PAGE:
• Teaware and Gadgets

    Confessions of a Teaware Hoarder

    When starting any hobby I find that we all tend to indiscriminately collect anything and everything related to our new passion. I’ve been through this phase in the past with other hobbies (such as collecting Breyer model horses when I was young) but nothing could have prepared me for the overwhelming miasma of stuff that the tea world has to offer. Teapots, teacups, gaiwans, books, and gadgets; if it was related to tea I just had to have it. After a while, I actually ran out of room to store and display everything. A normal person might have said, “Enough is enough.”. I, on the other hand, went to Target and simply bought…

  • Teaware and Gadgets

    An Introduction to the Kyusu

    It’s a little known fact that kyusu is simply the Japanese word for teapot. We usually think of them as side handled tea pots but they can also have handles on the rear or even on the top. Porcelain and clay are the most common mediums but kyusu can be made from a number of materials. The handles are usually hollow in order to prevent them from becoming too hot to hold. Kyusu have wider bodies that allow heat to dissipate, making them perfect for sensitive teas like sencha. Kyusu are different from other teapots because they are designed specifically for making green tea and they usually feature some sort of built in…

  • Teaware and Gadgets

    An Introduction to Hagi

    Japan is famous for several pottery styles but one of my favorites is known as Hagi Yaki. It is a glazed, high-fired stoneware that is the specialty of the city of Hagi in Yamaguchi Prefecture. The glaze can be made in a variety of colors but milky white is the among the most recognizable. This style of pottery originated in Korea and was brought to Japan in the 17th century. No two pieces are ever exactly alike due to their handmade nature. Their perfectly imperfect appearance exemplifies the wabi sabi aesthetic of the Japanese tea culture. The clay has a rough, almost rocky texture and the glazes are typically lumpy or drippy. Most pieces…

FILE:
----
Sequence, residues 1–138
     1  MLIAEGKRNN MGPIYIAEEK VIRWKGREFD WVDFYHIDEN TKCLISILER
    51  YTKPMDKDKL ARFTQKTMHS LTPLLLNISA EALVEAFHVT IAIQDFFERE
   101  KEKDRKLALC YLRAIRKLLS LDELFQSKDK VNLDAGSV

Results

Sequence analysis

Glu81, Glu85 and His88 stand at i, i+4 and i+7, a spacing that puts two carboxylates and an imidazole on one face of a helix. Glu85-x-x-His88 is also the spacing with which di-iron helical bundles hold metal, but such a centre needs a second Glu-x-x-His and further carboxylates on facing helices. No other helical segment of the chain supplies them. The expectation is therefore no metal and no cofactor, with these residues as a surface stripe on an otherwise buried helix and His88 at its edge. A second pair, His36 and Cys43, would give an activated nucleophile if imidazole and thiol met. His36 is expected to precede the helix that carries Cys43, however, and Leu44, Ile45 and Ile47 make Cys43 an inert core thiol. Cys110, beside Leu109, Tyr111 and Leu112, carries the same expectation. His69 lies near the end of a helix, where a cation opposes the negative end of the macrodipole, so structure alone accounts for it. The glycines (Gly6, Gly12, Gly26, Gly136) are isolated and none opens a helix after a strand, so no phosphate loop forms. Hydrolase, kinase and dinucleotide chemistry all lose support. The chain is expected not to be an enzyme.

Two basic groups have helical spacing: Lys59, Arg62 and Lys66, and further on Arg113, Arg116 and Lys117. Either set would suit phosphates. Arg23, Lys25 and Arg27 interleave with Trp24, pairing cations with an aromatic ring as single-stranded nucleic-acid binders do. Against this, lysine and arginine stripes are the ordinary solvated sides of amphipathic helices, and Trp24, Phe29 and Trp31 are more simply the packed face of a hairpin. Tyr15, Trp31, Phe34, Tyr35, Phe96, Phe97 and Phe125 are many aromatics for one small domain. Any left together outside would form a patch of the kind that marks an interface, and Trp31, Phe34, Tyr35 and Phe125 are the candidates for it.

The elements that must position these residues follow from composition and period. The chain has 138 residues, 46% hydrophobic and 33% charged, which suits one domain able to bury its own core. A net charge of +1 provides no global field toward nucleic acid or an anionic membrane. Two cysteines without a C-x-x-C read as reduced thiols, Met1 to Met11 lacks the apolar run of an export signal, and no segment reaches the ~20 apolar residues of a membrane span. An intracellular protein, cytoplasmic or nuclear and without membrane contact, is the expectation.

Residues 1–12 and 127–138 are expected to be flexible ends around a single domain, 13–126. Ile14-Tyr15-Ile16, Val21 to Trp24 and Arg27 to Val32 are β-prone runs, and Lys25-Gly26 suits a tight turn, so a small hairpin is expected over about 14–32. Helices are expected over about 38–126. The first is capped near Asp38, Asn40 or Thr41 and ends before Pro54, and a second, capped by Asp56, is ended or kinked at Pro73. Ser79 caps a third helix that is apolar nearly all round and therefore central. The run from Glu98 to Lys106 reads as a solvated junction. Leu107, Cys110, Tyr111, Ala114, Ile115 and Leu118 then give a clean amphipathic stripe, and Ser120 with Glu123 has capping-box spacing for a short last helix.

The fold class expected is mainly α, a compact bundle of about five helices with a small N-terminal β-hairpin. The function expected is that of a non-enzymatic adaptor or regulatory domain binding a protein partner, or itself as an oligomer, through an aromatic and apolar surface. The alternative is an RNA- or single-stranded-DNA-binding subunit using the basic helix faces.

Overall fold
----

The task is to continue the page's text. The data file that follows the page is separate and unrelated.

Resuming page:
• Teaware and Gadgets

    Repairing Yixing with Kintsugi

    I’m a very accident prone person but thankfully that fault has rarely extended to my teaware. I was a bit hearbroken when the lid of one my yixing teapots became the latest victim. I’ve dropped this lid on numerous occasions but my new apartment has ceramic tile floors that are very hard. The pot isn’t a particularly nice one but it is the second yixing that I ever purchased. It’s also dedicated to Taiwanese oolongs like Dong Ding, one of my favorite types of tea. While trying to figure out what to do, I remembered a repair kit that I had seen on Pinterest a while back. A company in the Netherlands called…

  • Teaware and Gadgets

    5 Reasons Your Gaiwan Should Be Your Best Friend

    Gaiwans are the superheros of teaware, a perfect meeting of form and function. The Ming Dynasty gave us some really amazing inventions like paper, wood block printing and toothbrushes. I still think that this handy little device is one of their best contributions. 1. It’s a teapot and teacup all in one. Most of us don’t use them this way anymore but in China it is still quite common to drink directly from the gaiwan. I don’t think tea drinking can get any more simple than that. 2. You can use them to make any type of tea. I love my yixing teapots and various other brewing devices but the wonderful thing about…